Fair Work Australia (FWA) has decided not to refer the actions of three former officials from the Victorian branch of the Health Services Union (HSU) to the Director of Public Prosecutions.

FWA general manager Bernadette O’Neill says an investigation into the union has found 32 breaches of the Act or union rules.  Last month she said the issues related to the keeping and lodging of required financial records.  The former union officials could face fines over the breaches.

Ms O’Neill says she has instructed the Government Solicitor to ask the Federal Court to impose civil penalties in relation to 28 of the cases, but says they should not be sent to the DPP.

A fourth person was also implicated but will not be referred to the court.  They are claiming this was separate to the investigation of Craig Thomson.

Bernadette admitted to a Senate estimates Committee, there had been even more contact between the Government (including Bill Shorten’s office) and Fair Work Australia in relation to the Thomson investigation than we already knew about.  But, no, she said, the investigation into Craig Thomson was still not completed. No, she said, she would not be releasing the conclusions of another investigation into the Health Services Union because she feared someone might be defamed.

This is a interesting comment, who are they scared of this much and why is it the FWA and Gillard Government are happy with this occurring ?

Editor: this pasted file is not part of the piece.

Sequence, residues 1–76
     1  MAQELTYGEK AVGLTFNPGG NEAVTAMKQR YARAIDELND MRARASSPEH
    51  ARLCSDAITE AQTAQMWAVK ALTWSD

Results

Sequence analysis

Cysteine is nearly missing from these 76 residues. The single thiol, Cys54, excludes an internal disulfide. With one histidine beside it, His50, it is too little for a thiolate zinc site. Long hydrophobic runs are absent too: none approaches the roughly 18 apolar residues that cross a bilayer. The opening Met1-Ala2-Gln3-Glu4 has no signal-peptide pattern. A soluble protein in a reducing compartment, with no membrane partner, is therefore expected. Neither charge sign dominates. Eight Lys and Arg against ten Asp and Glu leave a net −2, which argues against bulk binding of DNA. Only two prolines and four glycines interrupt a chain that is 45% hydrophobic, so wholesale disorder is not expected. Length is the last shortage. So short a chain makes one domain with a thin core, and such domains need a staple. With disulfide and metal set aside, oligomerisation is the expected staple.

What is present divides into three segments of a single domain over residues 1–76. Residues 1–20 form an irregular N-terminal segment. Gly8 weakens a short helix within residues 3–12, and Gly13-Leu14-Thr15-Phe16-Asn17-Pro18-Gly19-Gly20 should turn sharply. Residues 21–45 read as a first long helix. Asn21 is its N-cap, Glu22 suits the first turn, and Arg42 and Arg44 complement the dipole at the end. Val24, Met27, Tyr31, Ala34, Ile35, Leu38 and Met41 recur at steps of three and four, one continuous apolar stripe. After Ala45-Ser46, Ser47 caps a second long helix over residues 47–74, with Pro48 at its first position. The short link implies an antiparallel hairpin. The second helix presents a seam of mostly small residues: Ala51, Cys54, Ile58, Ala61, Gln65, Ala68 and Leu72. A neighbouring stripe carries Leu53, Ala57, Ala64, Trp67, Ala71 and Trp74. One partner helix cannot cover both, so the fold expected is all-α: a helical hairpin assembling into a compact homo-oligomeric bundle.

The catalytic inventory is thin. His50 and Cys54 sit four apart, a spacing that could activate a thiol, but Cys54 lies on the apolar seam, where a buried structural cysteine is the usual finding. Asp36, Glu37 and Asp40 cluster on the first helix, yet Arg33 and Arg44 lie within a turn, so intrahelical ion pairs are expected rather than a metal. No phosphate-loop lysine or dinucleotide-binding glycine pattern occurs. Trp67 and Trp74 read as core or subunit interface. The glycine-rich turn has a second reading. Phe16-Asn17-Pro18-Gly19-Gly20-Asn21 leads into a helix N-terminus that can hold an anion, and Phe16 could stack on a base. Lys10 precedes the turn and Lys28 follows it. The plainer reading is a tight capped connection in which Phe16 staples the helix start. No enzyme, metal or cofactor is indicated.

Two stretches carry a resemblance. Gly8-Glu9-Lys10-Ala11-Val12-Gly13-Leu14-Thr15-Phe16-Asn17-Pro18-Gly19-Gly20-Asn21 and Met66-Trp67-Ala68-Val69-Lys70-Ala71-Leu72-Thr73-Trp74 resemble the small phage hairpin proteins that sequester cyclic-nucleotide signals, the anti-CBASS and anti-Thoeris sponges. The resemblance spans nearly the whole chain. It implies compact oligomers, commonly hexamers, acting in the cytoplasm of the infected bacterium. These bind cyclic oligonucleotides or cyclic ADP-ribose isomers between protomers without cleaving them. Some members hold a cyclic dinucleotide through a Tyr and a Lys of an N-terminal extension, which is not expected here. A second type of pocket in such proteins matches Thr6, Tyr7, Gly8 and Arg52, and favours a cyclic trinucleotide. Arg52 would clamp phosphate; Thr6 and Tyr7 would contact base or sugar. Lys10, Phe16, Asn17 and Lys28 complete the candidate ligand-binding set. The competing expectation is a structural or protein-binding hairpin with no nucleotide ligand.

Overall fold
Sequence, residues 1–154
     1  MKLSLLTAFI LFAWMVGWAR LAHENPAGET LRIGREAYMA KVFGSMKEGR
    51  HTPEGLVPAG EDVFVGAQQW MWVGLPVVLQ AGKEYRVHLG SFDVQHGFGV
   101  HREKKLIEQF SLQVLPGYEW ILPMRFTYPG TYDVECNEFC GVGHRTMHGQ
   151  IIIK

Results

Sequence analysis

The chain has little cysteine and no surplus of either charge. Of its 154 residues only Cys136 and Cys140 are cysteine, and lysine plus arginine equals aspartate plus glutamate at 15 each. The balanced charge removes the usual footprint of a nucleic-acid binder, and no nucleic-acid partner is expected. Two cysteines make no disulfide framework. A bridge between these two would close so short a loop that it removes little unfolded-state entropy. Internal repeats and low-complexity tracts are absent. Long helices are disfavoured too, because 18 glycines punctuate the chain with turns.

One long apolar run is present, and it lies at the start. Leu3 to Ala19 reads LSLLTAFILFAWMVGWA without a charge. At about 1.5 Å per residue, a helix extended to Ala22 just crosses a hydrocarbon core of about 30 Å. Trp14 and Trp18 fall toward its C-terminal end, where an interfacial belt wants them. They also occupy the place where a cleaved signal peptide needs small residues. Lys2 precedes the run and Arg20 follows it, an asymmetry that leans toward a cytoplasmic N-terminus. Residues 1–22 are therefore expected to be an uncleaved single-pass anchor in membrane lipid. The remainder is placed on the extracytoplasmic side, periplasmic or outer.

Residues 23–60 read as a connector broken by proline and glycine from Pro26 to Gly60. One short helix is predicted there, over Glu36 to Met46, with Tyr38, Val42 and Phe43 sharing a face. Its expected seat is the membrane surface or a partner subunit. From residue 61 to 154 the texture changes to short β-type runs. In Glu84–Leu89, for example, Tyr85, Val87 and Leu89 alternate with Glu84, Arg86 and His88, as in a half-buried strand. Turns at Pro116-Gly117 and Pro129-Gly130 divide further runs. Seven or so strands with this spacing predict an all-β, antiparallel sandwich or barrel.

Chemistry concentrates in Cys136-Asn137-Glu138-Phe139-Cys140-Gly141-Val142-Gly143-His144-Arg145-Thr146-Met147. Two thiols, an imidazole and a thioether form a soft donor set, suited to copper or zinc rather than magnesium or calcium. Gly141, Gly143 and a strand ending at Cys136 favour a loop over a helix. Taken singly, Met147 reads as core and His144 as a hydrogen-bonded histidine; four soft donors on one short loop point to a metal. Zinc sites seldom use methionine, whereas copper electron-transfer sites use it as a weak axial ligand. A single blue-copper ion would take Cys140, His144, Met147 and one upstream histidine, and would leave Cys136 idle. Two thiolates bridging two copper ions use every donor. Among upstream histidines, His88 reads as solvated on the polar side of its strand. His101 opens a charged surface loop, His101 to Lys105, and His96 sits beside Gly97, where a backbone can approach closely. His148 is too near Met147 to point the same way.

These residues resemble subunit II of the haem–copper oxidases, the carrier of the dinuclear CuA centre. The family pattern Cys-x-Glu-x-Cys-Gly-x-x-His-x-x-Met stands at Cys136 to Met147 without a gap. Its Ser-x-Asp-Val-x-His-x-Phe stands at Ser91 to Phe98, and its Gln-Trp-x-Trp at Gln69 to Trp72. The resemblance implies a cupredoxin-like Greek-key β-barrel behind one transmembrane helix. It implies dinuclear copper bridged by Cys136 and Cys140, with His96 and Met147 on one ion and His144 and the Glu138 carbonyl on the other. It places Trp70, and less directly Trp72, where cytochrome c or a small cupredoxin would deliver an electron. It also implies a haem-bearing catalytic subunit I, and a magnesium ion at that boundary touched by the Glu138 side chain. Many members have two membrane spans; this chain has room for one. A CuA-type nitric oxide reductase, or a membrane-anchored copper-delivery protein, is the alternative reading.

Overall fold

And, no, she said, Fair Work Australia would not be releasing a vital December 2009 memorandum from former Industrial Relations Commission Registrar Doug Williams to the new Fair Work Australia incoming General Manager Tim Lee.  This memo from Williams, who had investigated Thomson for 8 months and was leaving his job, to Lee, who was taking Williams’ place, reportedly concluded that there was clear evidence of serious, and probably criminal, wrongdoing by Thomson.

It detailed exactly what Williams believed should be investigated and why !

The suggestion, of course, is that Lee, another former union official and Victorian ALP staffer, then instituted a “go slow” on that investigation to assist Labor.

Remember this is after denying three separate law enforcement agencies from access to their records in regard to Fraud against HSU and Electoral Commission offences.  Now they are trying to keep the matter away from the CDPP, which would be because of their disclosure policy meaning disclosure of prosecution evidence. And the issue of the AGS being the Investigation agency in this matter rather than FWA whose investigations staff appears not to have had the experience or background to run an Investigation in this matter.

This Statement on Prosecution Disclosure relates to information and material held by the CDPP, investigation agencies and third parties.  In order for the prosecution to meet its disclosure obligations, the CDPP depends on investigation agencies informing it of information and material covered by this Statement.

The Prosecution Policy of the Commonwealth is a public document which sets out guidelines for the making of decisions in the prosecution process. It applies to all Commonwealth prosecutions whether or not conducted by the Commonwealth Director of Public Prosecutions. The Prosecution Policy has been tabled in Parliament, and is publicly available. A copy is available on their web-site.

Under the Prosecution Policy there is a two-stage test that must be satisfied:

  • there must be sufficient evidence to prosecute the case; and
  • it must be evident from the facts of the case, and all the surrounding circumstances, that the prosecution would be in the public interest.